non-traditional ways

104
Source Asa HilliardLearning Styles
valued by Learning
Styles of Traditional School Culture
African American SELs
  • Standardized and rule driven
  • Deductive, controlled, egocentric
  • Low movement expressive context
  • View environment in isolated parts
  • Precise concepts of space, number, time
  • Respond to object stimulus
  • Dominant communication is verbal
  • Emphasis on independent work
  • Variation accepting and improvising
  • Intuitive, expressive, sociocentric
  • High movement expressive context
  • View environment as a whole
  • Approximate concepts of space
  • number and time
  • Respond to people/social stimulus
  • Communication is non-verbal as
  • well as verbal
  • Responds to Collaborative Effort

105
The Teachers Job
  • Developing a connection between the culture of
    the student and the culture of school
  • Become knowledgeable of students cultural
    orientations (learning styles and strengths or
    ways of thinking and learning)
  • Linguistic style
  • Communication style
  • Social interaction style
  • Response style
  • Use that knowledge to develop a bridge that
    provides students an equal opportunity to learn
    and grow

106
VideoCulturally Responsive Teaching
107
Principle 4
Culturally Relevant and Responsive Teaching
Source Carol Lee
  • Ability is not static
    or finite, as human
    beings we build our
    brains through our
    engagement with
    experience.

108
Intellectual Conversations
  • Socratic Practice
  • Regular practice of the habits of mind and
    interaction necessary to learn by means of
    socratic dialogue. Allows students to learn
    academic material more effectively through the
    development of habits of thinking and conversing.
  • Accountable Talk
  • Classroom talk that is accountable to the
    learning community, to accurate and appropriate
    knowledge, to rigorous thinking and that supports
    learning
  • Instructional Conversations
  • Classroom conversations that consider cultural
    and linguistic diversity and support the
    development of academic language, and higher
    order thinking skills.

109
Instructional Conversations
  • "Instructional conversations" (ICs) are
    discussion-based lessons geared toward creating
    opportunities for students' conceptual and
    linguistic development.
  • The teacher encourages expression of students'
    own ideas, builds upon information students
    provide and experiences they have had, and guides
    students to increasingly sophisticated levels of
    understanding. In contrast to more directive
    forms of instruction, which assume that what is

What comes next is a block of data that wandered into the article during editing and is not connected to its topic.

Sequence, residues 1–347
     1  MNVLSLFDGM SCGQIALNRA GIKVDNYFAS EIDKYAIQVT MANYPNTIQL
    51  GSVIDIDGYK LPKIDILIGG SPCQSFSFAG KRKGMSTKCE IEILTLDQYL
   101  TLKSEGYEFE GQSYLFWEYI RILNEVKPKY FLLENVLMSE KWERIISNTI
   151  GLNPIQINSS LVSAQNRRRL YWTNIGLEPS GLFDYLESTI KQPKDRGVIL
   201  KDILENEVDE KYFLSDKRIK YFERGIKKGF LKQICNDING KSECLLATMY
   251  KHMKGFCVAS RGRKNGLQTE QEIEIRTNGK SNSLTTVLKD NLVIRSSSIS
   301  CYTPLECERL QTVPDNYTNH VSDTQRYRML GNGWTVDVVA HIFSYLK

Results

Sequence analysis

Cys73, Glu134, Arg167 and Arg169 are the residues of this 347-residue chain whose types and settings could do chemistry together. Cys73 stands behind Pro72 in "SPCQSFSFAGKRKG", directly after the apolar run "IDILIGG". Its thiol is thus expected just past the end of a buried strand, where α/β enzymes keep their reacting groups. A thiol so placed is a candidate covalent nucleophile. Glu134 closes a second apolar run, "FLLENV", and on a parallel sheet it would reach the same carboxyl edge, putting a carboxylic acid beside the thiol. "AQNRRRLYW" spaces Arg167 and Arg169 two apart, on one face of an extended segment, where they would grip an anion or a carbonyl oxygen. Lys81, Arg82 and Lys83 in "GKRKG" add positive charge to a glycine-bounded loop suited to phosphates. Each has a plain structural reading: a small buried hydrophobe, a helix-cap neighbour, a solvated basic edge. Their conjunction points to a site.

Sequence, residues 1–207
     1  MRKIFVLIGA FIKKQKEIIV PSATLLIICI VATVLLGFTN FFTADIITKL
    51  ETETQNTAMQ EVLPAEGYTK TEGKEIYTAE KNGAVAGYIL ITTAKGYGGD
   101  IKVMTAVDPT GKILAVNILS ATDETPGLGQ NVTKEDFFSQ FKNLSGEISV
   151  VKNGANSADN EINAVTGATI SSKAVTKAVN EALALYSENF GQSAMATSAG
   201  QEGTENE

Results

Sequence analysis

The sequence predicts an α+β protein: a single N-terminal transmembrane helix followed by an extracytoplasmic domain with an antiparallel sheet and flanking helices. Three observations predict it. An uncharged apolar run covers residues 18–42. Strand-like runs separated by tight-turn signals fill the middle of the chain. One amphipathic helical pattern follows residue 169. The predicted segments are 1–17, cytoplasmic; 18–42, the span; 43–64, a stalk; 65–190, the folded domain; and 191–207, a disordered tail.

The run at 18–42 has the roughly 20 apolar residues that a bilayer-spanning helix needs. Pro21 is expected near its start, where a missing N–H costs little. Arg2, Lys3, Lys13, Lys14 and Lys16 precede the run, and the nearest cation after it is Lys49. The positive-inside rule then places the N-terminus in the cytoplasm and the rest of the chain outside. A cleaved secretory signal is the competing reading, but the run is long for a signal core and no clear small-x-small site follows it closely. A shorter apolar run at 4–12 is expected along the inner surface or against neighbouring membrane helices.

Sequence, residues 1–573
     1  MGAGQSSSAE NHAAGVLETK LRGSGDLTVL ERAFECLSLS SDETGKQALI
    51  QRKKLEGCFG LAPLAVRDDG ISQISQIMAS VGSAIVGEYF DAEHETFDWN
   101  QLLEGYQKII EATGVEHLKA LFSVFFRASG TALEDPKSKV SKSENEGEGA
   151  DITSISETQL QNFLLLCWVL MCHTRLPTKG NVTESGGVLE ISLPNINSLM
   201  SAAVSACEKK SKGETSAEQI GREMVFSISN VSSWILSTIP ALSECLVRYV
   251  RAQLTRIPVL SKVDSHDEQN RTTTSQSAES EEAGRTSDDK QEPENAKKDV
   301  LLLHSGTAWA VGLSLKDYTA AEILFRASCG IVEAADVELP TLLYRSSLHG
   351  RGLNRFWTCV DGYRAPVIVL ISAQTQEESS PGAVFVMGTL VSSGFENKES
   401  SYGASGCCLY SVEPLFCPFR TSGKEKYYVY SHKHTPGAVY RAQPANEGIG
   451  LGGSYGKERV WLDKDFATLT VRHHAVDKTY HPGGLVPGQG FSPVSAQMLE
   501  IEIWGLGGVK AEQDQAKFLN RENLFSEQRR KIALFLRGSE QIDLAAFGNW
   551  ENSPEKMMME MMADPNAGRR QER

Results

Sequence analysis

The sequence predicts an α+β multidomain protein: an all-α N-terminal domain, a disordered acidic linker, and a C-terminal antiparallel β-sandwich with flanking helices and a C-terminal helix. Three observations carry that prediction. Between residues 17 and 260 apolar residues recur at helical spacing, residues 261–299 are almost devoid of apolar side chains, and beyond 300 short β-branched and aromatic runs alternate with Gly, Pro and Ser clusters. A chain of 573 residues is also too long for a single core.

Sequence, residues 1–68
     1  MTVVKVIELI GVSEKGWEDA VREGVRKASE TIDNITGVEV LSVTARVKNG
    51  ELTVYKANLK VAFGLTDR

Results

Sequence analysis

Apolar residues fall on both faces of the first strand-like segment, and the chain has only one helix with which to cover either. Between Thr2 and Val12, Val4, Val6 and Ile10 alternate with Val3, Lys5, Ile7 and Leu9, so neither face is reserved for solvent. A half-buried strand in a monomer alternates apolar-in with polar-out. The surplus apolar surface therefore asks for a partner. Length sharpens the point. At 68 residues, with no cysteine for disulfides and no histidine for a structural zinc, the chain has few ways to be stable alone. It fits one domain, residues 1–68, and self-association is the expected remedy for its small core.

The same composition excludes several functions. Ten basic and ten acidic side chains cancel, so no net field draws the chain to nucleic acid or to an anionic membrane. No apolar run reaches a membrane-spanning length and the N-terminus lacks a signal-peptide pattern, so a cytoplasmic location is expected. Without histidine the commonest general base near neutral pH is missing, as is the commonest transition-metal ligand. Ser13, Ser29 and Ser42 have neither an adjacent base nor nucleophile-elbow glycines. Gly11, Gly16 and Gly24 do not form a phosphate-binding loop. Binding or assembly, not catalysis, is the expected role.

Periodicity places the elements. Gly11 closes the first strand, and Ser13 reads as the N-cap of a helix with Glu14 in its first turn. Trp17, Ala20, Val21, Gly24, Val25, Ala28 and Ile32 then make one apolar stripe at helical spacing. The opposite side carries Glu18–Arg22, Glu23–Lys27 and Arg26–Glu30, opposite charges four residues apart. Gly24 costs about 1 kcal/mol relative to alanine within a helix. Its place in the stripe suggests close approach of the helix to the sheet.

to be learned by the students is already in the
    head of the teachers, ICs assume that students
    themselves play an important role in constructing
    new knowledge and in acquiring new understandings
    about the world.
  • Claude Goldenberg, UCLA

110
Instructional Conversations
  • Conversations that instruct and stimulate
    thinking might be particularly important for
    language minority students, many of whom receive
    insufficient opportunities for conceptual and
    linguistic development at school.
  • By providing students with opportunities to
    engage in interactions that promote analysis,
    reflection, and critical thinking, instructional
    conversations suggest a way to help redress the
    imbalance of a curriculum that is heavily
    weighted toward skills and knowledge acquisition.
  • Claude Goldenberg, UCLA

111
Reflections
  • SELs can both learn standard English structure
    and engage in complex entended discourse around
    texts.
  • Students can become bi-discoursal and
  • bi-dilectal given equal status interaction
    with peers
  • Curriculum must address cultural factors

112
"We must agree to identify and employ
initiatives that hold the greatest promise for
moving all studentsto high levels of
achievement."Gina Burkhardt
113
Reading References Culturally Responsive
TeachingCompiled by Noma LeMoine, Ph.D.
  • Cummins, J. (1996). Negotiating Identities
    Education for Empowerment in a Diverse Society.
    California Association for Bilingual Education
    Ontario
  • Delpit. L.(1995). Other Peoples
    ChildrenCultural Conflict in the Classroom.New
    PressN. Y.
  • Delpit. L. Dowdy, J. (Eds) (2002). The Skin We
    Speak Thoughts on Language and Culture in the
    Classroom. The New Press New York.
  • Gay, G. (2000). Culturally Responsive Teaching
    Theory, Research, Practice. Teachers College
    Press. Columbia University.
  • Hale, J. (1982). Black Children their Roots,